If you need help, ask. If you want to meet someone, introduce yourself.
This year has been full of asks and introductions for me, two things I'm not naturally inclined to do. It has been an amazing experience.
I've had wonderful conversations with interesting people and, as these things tend to go, those interesting people have introduced me to others. A few people that I greatly admire are helping me make something I've always wanted to make. I'm writing here because of an ask and an introduction.
The answer hasn't always been yes; far from it. Every person has been kind and generous, though, and I have learned something each time. And a conversation now makes a yes a little more likely in the future.
It's an uncomfortable experience to ask a favor or reach out to someone you don't know well. Here are three things that make it easier.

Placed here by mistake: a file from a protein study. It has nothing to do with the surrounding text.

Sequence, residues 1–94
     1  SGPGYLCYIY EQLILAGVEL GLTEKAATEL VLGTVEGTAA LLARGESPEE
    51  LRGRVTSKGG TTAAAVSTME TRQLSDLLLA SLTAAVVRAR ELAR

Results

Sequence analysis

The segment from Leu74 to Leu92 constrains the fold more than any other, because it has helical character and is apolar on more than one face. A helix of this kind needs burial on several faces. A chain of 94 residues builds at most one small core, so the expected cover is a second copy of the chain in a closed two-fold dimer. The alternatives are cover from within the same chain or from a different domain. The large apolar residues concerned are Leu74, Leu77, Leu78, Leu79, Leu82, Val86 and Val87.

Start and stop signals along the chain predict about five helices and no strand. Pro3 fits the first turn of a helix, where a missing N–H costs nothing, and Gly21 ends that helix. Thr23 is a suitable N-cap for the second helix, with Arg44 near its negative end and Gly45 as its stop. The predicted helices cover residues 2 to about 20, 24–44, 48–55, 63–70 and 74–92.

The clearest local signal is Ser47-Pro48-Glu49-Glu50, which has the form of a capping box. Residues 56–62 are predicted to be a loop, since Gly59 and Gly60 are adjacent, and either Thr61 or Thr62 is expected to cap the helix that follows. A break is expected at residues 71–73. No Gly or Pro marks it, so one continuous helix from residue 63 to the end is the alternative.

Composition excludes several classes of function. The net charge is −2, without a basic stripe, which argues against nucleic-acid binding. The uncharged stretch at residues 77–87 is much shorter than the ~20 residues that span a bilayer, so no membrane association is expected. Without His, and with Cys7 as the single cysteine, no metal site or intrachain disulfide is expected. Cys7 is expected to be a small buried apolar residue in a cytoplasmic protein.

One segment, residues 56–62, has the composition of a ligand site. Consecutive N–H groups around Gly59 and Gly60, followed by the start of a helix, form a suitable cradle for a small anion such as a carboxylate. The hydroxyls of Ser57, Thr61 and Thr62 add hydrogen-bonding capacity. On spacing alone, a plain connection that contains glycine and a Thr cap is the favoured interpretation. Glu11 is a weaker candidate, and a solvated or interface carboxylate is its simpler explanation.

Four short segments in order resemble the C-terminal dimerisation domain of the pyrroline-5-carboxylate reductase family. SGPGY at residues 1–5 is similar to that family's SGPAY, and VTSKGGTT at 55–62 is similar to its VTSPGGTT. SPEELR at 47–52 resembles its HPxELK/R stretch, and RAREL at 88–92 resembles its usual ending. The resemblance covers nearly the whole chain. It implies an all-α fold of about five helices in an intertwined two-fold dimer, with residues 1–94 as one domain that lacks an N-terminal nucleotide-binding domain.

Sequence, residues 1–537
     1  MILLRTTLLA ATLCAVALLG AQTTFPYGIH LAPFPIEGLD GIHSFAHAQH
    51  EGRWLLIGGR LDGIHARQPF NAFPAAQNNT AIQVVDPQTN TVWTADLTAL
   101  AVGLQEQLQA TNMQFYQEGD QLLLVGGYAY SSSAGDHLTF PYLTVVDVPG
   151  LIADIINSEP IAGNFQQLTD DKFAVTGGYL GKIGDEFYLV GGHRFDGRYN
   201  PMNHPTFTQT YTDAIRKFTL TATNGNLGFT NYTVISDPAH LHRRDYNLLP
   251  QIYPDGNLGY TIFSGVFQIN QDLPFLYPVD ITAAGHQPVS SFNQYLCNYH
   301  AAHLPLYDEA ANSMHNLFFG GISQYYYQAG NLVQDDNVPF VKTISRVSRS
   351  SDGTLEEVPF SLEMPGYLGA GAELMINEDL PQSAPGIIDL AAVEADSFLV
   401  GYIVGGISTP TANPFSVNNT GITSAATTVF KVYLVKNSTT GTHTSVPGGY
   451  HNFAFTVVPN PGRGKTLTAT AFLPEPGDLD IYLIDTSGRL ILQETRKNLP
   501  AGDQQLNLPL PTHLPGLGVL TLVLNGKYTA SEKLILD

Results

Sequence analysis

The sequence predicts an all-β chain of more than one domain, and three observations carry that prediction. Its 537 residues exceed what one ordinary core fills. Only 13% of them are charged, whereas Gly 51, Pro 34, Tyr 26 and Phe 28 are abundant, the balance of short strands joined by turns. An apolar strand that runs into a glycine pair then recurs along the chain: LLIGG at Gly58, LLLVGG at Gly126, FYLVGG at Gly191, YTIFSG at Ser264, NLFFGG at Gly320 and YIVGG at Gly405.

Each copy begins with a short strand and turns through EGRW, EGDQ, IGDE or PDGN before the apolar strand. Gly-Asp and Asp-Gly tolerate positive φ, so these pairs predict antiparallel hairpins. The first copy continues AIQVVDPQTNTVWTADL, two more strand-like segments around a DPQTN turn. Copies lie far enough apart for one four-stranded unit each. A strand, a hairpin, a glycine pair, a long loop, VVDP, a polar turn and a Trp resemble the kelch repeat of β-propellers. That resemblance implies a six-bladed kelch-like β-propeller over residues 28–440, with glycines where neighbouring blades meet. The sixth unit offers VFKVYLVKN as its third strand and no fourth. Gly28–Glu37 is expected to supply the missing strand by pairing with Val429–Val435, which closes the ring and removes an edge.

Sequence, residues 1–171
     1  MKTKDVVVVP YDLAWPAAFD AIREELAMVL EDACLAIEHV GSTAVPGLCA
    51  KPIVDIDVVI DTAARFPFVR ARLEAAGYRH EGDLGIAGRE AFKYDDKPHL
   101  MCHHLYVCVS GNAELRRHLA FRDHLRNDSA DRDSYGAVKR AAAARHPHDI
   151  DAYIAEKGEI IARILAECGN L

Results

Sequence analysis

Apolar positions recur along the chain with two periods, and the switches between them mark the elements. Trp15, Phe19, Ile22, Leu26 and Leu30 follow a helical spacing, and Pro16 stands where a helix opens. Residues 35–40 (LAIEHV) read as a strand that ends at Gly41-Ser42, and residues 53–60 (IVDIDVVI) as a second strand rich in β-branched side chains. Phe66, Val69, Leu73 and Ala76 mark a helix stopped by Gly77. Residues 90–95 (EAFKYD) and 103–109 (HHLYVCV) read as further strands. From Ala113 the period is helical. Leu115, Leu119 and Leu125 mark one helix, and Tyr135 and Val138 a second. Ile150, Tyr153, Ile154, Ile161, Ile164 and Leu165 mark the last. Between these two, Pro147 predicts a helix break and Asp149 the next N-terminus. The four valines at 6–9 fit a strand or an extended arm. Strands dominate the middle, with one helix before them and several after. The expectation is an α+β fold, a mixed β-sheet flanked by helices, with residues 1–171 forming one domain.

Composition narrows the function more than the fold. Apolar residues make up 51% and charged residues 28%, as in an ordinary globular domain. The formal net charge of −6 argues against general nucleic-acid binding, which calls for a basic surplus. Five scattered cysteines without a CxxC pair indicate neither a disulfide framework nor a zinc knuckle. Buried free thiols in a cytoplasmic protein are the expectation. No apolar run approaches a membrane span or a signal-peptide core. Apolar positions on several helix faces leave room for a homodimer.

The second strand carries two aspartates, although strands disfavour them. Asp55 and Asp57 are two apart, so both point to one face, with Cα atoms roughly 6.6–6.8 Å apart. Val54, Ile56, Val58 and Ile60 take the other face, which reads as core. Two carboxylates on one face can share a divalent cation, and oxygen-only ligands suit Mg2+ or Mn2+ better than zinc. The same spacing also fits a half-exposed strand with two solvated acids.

First, get to know the person long before the ask. Follow them on Twitter, read their blog, comment or reply now and then. In other words, engage with them and what they're sharing with the world. Reference some of those things when you contact them. Show you've been paying attention.
Second, be very patient. I've received incredibly kind and generous replies weeks after I sent an email. People are busy and most likely your email falls outside their typical queue. One of the kindest responses I've ever received said, "I wanted to give this the attention it deserved." It made my day.
Don't assume anything and in most cases, don't follow-up. Once you put something out there, it's no longer in your hands. Let it go and trust the result.
Third, and most importantly, remember that the favor is the listening, not the outcome. If someone takes the time to listen to what you have to say, consider it thoughtfully, and respond, you have received a real gift, regardless of the result. Thank them, offer to return the favor, buy them coffee or a drink if you have the chance, and wish them the best.
Stop hesitating. Say what you want to say, ask for help, introduce yourself.
Then hit send.